Stepped In So Far

By   /   April 24, 2013  /   9 Comments

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“In the face of the firestorm their energy policy’s release has ignited, both parties appear stunned, and there’s obvious uncertainty about how to proceed. Green energy spokesperson, Gareth Hughes’, plaintive query to his staffer: ‘Clint – are we pleased?’, neatly summarises the Labour-Green predicament.”

Gareth Hughes - Clint - are we pleased?

Gareth Hughes – Clint – are we pleased?

LABOUR AND THE GREENS need to pause and take stock of all that has happened over the past seven days. Their reaction to the Right’s extraordinary full-court press response to Energising New Zealand suggests that they had little in the way of a “What we say after what we’ve said” plan in place.

Exactly how much forethought went into the timing of the joint announcement? Dropping a major policy bombshell on the eve of David Shearer’s departure for London hardly suggests a great deal of leader-to-leader co-ordination. Indeed, the whole release smacks of ad hockery and raises worrying questions about the quality of both parties’ strategic (as opposed to merely tactical) thinking.

In the face of the firestorm their energy policy’s release has ignited, both parties appear stunned, and there’s obvious uncertainty about how to proceed. Green energy spokesperson, Gareth Hughes’, plaintive query to his staffer: “Clint – are we pleased?”, neatly summarises the Labour-Green predicament.

Whether by accident or design, Labour and the Greens have succeeded in framing the next election. Over the next eighteen months, the National-led Government, backed-up by virtually the entire news media, and most of corporate New Zealand, will be painting two, very different, pictures for the voters.

The first, a self-portrait, will present a conservative, responsible, competent and remarkably successful (when compared to other members of the OECD) National Government. The second will be a wildly expressionistic portrait of the challengers. In it, Labour and the Greens will be depicted as radical, irresponsible, incompetent and extremely dangerous saboteurs of New Zealand’s future.

It will be John Key: the trusted steward. Versus David Shearer and Russel Norman: the mad bombers.

IN ONE OF MACBETH’S most pivotal scenes, Shakespeare has his hero say: “I am in blood stepped in so far that should I wade no more, returning were as tedious as go o’er.”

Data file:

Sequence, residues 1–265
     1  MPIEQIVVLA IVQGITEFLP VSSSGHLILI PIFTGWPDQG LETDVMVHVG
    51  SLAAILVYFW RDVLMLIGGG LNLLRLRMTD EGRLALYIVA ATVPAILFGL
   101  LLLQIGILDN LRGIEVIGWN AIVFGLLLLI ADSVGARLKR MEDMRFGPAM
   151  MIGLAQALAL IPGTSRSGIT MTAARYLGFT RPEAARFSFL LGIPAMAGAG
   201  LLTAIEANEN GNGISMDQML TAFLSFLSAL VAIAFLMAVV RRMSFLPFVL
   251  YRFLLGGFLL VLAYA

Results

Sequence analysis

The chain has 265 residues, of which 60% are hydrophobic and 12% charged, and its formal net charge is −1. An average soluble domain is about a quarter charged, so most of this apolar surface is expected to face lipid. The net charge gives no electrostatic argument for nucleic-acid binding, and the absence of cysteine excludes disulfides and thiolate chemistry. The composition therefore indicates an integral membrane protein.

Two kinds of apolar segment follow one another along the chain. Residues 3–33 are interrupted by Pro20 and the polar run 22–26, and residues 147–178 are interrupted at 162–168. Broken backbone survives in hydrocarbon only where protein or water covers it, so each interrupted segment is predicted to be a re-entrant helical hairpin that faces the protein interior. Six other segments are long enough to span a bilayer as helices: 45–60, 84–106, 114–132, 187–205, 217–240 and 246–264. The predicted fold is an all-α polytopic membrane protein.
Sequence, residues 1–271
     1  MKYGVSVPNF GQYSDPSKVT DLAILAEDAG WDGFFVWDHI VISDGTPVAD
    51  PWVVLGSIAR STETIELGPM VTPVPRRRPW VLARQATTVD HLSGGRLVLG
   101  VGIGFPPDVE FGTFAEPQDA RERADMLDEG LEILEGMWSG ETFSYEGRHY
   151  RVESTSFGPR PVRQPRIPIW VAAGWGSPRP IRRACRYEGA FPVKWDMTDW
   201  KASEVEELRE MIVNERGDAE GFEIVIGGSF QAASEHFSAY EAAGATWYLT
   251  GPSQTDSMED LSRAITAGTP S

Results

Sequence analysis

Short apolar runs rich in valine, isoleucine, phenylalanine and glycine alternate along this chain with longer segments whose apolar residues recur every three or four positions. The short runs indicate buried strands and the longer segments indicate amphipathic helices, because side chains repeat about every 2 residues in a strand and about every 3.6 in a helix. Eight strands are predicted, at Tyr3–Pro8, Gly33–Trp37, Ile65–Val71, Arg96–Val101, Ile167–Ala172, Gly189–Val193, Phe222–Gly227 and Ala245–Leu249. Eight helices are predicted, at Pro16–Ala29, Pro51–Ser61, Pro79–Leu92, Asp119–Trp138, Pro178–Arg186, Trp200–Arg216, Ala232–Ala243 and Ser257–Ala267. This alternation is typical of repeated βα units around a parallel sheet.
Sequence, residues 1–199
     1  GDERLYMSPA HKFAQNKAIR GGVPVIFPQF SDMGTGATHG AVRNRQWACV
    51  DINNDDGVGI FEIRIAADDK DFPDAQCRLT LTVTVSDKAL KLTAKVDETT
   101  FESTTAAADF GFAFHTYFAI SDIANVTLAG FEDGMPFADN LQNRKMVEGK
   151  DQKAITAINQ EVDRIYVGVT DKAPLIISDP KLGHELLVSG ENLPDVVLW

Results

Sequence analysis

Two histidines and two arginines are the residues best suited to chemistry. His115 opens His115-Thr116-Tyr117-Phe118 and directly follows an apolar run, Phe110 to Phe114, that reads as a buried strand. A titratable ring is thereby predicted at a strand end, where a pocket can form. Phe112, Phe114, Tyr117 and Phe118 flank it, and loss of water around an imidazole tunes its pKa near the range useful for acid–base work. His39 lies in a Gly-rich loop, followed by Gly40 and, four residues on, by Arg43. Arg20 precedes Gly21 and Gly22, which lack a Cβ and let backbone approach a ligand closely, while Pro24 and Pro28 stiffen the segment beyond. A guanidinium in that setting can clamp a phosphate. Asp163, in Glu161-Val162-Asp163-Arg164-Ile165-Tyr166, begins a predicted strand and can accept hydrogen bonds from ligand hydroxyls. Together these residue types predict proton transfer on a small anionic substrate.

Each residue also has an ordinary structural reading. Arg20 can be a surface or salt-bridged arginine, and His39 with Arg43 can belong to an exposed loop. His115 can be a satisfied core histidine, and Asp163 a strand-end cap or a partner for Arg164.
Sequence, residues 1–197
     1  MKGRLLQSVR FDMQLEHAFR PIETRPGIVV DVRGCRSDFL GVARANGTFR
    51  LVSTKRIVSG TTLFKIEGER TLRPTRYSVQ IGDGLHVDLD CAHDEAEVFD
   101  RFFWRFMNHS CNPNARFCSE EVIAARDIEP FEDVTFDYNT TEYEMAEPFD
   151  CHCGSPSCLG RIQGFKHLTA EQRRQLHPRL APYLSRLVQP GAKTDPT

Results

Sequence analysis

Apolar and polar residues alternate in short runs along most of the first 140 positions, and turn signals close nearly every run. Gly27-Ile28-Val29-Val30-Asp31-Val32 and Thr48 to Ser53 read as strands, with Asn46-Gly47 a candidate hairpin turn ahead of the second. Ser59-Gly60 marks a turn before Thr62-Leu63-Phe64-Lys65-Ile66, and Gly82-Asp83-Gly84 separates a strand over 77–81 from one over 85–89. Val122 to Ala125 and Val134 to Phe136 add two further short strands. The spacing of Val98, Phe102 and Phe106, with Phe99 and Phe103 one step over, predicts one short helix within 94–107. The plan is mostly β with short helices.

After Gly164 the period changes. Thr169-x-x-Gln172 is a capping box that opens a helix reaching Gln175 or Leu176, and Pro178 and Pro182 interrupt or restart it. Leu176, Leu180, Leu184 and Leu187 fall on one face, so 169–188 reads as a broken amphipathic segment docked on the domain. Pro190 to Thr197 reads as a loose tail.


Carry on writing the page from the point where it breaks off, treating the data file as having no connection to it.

This is precisely the position in which Labour and the Greens now find themselves. Having stepped off the banks of neoliberal orthodoxy and into the currents of radicalism, they cannot, now, simply decide to turn around and wade back to shore.

Right-wing commentator, Fran O’Sullivan, has expressed the hope that “cooler heads” might prevail in both parties. But, if they did, and Energising New Zealand was repudiated, then Labour’s and the Greens’ credibility would be shredded beyond repair.

Nope. Having covered themselves in the blood of so many sacred cows, Labour and the Greens have no choice except to strike out for the opposite shore. Returning to the neoliberal fold is no longer an option.

Which means that both parties cannot afford to be anything other than “happy warriors” in the battle for radical economic and social change. The “Median Voter Model”, so beloved by right-wing political scientists, must be abandoned for what Bobby Kennedy called “the politics of addition”.

Rather than subtracting voters from National’s 2011 tally, Labour and the Greens must augment their own by adding to it as many of the votes of those who sat out the last election as they can attract.

Radicalism is the key to making “the politics of addition” work. Rather than be frightened by the hostile reaction to Energising New Zealand, Labour and the Greens should learn from it. Radical policy announcements appear to have an effect very similar to those machines paramedics use to resuscitate heart attack victims. With a series of radical jolts, the twenty percent of New Zealand voters whose political hearts temporarily stopped beating in 2011, can be brought back to life in 2014.

Nor should the Labour-Green Opposition be afraid of the criticism that will inevitably be heaped upon them. Instead, they should take a leaf out of Franklin Roosevelt’s political playbook. In announcing his “Second New Deal”, in October 1936, Roosevelt surveyed the ranks of his enemies and roared his defiance:

“For nearly four years you have had an Administration which instead of twirling its thumbs has rolled up its sleeves. We will keep our sleeves rolled up.

“We had to struggle with the old enemies of peace – business and financial monopoly, speculation, reckless banking, class antagonism, sectionalism, war profiteering.

“They had begun to consider the Government of the United States as a mere appendage to their own affairs. We know now that Government by organized money is just as dangerous as Government by organized mob.

“Never before in all our history have these forces been so united against one candidate as they stand today. They are unanimous in their hate for me – and I welcome their hatred.

“I should like to have it said of my first Administration that in it the forces of selfishness and of lust for power met their match. I should like to have it said of my second Administration that in it these forces met their master.”

It just basic political Jiu-jitsu: turn your enemies’ strengths into weaknesses; use his own weight to unbalance him. In other words, don’t run from the Right’s condemnation – welcome it with open arms.